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2016 has been an interesting year thus far. With the S&P 500 index trading near its all-time high and up approximately 4% for the year-to-date at time of writing, one would be forgiven for thinking that the environment for risk assets has been somewhat easy going. Following a sharp drawdown of approximately 10% and a spike in volatility that ended in mid-February, the S&P 500 rallied almost 17% to its current level. This also happened at a time when developed market bond yields continued to decline and subsequently reached all-time lows. This is not to mention the worries of the European banking system, the surprise Leave vote following the EU referendum in the UK, a disappointing corporate earnings environment and renewed global political risks.

So in fact 2016 has been anything but plain-sailing and to call the current environment interesting may sound a little strange.

Challenging, volatile, surprising and confusing may be more appropriate adjectives. But what has indeed been interesting are the actions and responses of investors that have bemoaned the return of volatility, showing that investors have once again failed to plan adequately for difficult times. Without adequate plans, investors often make poor decisions and it is these poor decisions that tend to amplify an already tricky environment.

Since global central banks have injected large amounts of liquidity into global asset markets, volatility has been artificially suppressed and drawdowns have been somewhat limited. Investors have therefore become accustomed to relatively shallow declines as markets have tended to behave themselves. It must be made clear that this by no means reflects the normal state of behaviour for risk assets. Recent bouts of volatility and drawdowns have led investors to believe that these movements are some sort of aberration. They are not. Volatility is very much a normal part of investing in equities and other risk assets, and is something investors should come to expect. It is also something that, when understood, may allow investors to become more self-aware and hopefully make better decisions - or at least make fewer bad decisions.

Volatility does not necessarily equal risk

As volatility tends to spike (rather rapidly) when asset prices fall, investors have become accustomed to associating volatility with risk.

As such, we cannot ignore the implications of using volatility as a risk measure but we can caution against its acceptance as the universal definition of risk. Rather, volatility is a type of risk. A more useful definition of risk may be the probability of losing capital or the probability of not achieving an investment goal.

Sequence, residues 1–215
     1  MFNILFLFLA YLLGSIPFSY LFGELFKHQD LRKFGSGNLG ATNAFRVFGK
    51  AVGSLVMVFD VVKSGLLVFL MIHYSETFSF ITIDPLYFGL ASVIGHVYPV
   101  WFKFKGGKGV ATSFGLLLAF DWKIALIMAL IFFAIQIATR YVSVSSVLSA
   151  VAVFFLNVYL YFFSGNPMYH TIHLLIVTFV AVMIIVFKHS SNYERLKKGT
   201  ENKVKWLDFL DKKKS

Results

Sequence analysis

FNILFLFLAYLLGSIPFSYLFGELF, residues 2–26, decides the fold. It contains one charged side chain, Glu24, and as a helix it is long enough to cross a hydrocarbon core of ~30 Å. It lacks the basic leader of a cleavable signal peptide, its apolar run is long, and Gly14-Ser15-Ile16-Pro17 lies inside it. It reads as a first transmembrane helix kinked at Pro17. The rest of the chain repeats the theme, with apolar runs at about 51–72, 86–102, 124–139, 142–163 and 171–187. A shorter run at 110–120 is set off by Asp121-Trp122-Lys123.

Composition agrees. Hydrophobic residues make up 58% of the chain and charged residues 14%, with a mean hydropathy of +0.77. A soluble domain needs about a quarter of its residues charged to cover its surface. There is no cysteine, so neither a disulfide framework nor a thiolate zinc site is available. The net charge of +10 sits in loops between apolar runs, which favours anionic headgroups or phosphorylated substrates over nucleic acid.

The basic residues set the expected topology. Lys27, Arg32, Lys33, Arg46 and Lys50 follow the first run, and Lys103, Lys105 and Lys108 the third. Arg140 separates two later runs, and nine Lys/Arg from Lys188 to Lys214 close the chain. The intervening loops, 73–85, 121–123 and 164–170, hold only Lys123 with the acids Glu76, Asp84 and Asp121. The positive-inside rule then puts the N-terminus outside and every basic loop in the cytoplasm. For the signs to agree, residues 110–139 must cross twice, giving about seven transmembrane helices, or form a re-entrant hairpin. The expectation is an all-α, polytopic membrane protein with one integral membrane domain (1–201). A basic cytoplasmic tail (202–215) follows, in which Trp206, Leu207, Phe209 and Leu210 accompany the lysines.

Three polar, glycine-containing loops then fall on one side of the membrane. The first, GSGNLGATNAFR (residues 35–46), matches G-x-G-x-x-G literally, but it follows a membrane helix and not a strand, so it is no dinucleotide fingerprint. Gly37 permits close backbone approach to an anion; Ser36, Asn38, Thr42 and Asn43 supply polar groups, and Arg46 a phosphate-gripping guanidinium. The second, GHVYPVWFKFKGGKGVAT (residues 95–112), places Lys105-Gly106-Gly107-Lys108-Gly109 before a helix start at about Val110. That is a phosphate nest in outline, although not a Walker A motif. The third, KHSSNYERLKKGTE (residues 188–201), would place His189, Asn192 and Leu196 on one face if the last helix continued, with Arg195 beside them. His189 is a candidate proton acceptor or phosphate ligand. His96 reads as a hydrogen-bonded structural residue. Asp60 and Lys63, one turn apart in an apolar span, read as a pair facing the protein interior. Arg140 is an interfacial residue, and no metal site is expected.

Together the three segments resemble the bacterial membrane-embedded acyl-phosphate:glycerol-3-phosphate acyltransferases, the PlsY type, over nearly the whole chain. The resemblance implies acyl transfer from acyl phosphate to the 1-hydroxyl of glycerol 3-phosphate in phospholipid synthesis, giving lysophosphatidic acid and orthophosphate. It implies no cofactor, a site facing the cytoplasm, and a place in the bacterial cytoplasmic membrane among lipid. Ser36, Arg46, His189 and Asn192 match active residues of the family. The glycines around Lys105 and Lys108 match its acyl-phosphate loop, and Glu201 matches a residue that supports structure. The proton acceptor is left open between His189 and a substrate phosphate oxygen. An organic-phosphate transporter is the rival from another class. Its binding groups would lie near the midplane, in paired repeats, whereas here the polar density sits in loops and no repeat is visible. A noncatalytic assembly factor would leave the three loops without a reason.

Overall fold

These latter definitions may then be influenced by the impact of volatility. A rise in volatility may lead to an investor selling an investment at a price lower than its cost, resulting in the crystallisation of a loss. That is not to say investors should hold on to losing investments in order to avoid a certain loss, nor does it mean investors should be anchored to an arbitrary reference point, such as the cost price. Rather, it means investors may make the decision to sell an investment during a period of short-term volatility as a result of some emotional bias or response, without due regard for the longer-term attractiveness of the investment based on its underlying fundamentals. Volatility may also increase the probability of an investor not meeting their investment goal over the short-term. For a longer-term investor however, the impact should be somewhat less concerning.

Volatility has strong behavioural implications for investors, as behavioural biases are often exacerbated by market volatility. A recent note from Barclays summed this up nicely; during such periods of market stress, investors react in a way that prices in their rational current and future expectations of risk, but also the irrational and emotional anxiety of investors that may fear the worst. Short-term volatility is largely a consequence of investors' responses to certain events, rather than as a result of changes in underlying fundamentals. These emotional responses paradoxically reinforce the market's movements, but for those with a long-term investment horizon, such short-term episodes should not be overly consequential to their decision-making.

The need for an investment strategy

An investment strategy may take many forms or definitions but in essence it is designed to provide investors with a framework for investing their capital in a manner that gives them the greatest probability of achieving their investment goals. Given that this framework may implicitly or explicitly incorporate a set of rules or behavioural procedures, it is particularly beneficial to an investor when markets are volatile: when markets are behaving badly, the decision about what to do has already been made. Having a well-defined and constructed investment strategy is crucial in dealing with volatility. Without one, investors are prone to making sub-optimal decisions as a result of the impact volatility has on an investor's emotional state. The strategy may well seek out opportunities in volatile conditions but at the very least, it should serve as a set of rules that prevents an investor from acting in a manner that may satisfy a short-term emotional need but may jeopardise the investor's longer-term investment goals.

Where does this leave investors now?

It is difficult to get excited about equities at present when the asymmetry seems particularly skewed to the downside. The current market environment is one of benign economic growth, elevated equity valuations and poor corporate earnings growth. This also comes at a time when the diversification benefit of owning both bonds and equities is relatively poor, given that both asset classes are at trading near all-time highs. This makes the outlook for various asset classes somewhat more challenging. A more volatile market may well follow.

Regardless of the market's behaviour going forward, investors should fully understand their investment strategy and how volatility is likely to impact their portfolios. Knee-jerk reactions, however right they feel, rarely produce consistent results that benefit the investor. This is unlikely to change. Investors prefer consistency to volatility yet those without a properly designed strategy continue to make decisions contrary to their stated desires and goals. Don't expect this to change either.

Paul Wiseman Senior Investment Analyst, Maitland